After you’ve done dim sum a few times, though, you’ll recognize that those gelatinous looking rectangular white things are deliciously tender rice noodles filled with shrimp, the pale squiggly shaped stuff is beef tripe (which some people really do love), and the jellylike tubes the color of coffee are a dessert made from black sesame seeds.
You can select as many — or as few — items as you wish and are charged by the serving (usually small, medium and large). The cart pushers keep a running tab, marking a card left on the table. At the end of your meal, a waiter tallies up the number of marks in each category.
Eating some specialties requires a tutorial.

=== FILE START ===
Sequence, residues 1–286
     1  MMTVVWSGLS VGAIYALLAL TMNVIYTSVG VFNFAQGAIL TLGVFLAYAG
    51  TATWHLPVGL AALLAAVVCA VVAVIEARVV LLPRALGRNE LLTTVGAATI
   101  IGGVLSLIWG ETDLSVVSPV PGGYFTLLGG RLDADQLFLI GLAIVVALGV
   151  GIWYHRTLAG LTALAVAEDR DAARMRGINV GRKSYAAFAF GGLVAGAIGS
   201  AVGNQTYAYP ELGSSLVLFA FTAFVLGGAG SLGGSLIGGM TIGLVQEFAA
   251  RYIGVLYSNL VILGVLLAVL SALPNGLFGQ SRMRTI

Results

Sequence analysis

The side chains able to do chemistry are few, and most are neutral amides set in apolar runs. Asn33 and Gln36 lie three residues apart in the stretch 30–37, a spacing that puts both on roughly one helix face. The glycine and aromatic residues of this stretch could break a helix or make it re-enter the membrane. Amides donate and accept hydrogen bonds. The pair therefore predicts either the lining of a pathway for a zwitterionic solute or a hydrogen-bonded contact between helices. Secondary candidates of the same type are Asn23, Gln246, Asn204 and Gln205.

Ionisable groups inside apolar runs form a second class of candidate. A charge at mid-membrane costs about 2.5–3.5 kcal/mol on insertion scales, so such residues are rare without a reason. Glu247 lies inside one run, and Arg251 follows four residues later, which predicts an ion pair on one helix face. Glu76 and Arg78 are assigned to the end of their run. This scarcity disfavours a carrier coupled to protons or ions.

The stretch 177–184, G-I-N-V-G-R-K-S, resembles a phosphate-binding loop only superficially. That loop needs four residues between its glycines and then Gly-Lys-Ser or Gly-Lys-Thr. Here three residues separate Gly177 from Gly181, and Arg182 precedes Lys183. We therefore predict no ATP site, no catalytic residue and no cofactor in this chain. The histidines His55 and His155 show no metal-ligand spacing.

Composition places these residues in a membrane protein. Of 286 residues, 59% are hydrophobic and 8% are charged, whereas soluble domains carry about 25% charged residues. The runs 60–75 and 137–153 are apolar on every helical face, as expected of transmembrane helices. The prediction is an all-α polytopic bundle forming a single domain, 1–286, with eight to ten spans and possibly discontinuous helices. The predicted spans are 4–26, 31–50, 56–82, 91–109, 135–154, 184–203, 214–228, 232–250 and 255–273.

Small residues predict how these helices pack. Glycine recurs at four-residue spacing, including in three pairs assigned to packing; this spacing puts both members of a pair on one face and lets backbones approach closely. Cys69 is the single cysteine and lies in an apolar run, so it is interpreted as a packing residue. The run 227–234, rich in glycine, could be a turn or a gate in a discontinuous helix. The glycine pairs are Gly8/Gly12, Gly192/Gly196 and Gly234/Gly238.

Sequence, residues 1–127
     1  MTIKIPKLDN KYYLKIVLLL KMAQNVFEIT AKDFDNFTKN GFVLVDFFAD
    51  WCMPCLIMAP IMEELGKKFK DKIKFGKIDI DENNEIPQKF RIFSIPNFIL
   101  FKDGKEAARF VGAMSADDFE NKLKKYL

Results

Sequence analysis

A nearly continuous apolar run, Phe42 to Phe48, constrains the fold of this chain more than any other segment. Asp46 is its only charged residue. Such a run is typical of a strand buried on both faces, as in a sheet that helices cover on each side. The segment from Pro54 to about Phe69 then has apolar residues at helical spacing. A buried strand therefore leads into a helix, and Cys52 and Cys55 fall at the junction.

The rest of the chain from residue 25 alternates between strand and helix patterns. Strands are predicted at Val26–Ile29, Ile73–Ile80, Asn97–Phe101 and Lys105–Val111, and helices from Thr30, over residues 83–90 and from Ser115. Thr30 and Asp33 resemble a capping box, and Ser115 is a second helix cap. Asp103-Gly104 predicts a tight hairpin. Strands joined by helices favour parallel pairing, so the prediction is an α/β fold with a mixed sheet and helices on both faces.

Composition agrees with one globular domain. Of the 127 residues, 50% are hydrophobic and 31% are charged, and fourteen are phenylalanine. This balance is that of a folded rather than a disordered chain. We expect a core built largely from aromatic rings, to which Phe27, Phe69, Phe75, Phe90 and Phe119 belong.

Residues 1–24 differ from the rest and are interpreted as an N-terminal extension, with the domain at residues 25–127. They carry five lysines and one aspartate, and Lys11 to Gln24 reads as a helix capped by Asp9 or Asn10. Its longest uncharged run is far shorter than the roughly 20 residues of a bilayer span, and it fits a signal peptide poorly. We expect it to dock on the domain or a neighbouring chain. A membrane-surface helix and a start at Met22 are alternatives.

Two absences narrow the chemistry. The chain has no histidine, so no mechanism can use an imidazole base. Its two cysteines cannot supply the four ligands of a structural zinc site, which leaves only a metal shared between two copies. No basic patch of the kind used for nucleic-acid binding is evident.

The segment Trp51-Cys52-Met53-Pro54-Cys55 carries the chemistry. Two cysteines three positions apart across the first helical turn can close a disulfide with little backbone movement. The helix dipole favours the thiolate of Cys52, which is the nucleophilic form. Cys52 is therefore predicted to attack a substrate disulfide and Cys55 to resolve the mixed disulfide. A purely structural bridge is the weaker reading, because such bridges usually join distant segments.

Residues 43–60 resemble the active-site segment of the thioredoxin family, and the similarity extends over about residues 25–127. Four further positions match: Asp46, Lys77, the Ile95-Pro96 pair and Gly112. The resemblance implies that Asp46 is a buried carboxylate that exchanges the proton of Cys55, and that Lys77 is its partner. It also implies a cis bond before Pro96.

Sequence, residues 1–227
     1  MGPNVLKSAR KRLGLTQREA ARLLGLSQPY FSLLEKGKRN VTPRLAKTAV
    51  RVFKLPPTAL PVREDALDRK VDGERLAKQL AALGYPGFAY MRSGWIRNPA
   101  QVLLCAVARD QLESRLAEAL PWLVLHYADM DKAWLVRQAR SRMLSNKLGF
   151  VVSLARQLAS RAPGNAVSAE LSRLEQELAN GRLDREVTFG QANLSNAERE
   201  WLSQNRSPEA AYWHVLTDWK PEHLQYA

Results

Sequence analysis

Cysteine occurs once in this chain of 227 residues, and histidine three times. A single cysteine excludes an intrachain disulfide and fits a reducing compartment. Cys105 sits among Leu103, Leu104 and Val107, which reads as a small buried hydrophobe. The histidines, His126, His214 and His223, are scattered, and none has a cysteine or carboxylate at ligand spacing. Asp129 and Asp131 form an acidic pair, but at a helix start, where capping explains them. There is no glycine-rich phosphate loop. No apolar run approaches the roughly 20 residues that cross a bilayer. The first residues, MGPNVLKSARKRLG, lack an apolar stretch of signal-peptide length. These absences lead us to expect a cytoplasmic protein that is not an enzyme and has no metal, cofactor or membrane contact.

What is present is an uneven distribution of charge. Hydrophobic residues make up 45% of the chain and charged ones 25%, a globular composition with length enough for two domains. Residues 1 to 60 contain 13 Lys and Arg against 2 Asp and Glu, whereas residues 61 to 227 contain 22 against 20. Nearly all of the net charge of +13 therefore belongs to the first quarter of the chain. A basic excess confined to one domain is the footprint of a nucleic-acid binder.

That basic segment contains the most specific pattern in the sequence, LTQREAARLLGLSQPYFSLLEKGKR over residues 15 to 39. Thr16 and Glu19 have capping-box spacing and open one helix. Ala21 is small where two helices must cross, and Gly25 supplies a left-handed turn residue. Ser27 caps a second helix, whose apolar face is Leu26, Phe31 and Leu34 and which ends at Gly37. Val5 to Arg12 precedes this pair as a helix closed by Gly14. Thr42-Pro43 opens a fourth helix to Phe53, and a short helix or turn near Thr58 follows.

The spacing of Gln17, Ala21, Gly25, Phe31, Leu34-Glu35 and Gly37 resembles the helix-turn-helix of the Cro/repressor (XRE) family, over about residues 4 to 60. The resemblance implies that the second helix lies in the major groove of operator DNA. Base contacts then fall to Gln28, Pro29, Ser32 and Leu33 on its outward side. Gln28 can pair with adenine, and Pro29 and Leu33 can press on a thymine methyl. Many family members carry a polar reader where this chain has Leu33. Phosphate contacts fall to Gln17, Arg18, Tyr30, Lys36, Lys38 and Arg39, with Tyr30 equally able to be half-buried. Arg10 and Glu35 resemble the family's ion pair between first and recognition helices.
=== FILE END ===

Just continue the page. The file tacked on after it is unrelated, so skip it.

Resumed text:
At C & Y, I get a lesson in enjoying Phoenix Claws from general manager Jimmy Fong. Don’t let the name fool you. It’s a nice way of saying chicken feet.
Preparation involves soaking, marinating, steaming and deep-frying. The result is something with a mild, slightly sweet flavor. But with lots of small bones inside, the meat must be teased off. Jimmy pulls the three-toed thing through his teeth while sucking at the same time.
This leaves me with a mouthful of inedible skeletal debris that I’m not sure quite what to do with until Jimmy bows his head and spits it out onto his plate. Though I feel like a 4-year-old with bad behavior, I do the same.
The whole thing requires some getting used to. Take the sticky rice in lotus leaf, for example: Don’t eat the wrapper. Instead, open the steaming, aromatic packet and dig into a mound of rice studded with bits of Chinese sausage, mushrooms, chicken and dried shrimp. Leave the leaf, which may be as big as a dishtowel when unfolded, on the plate like a used napkin.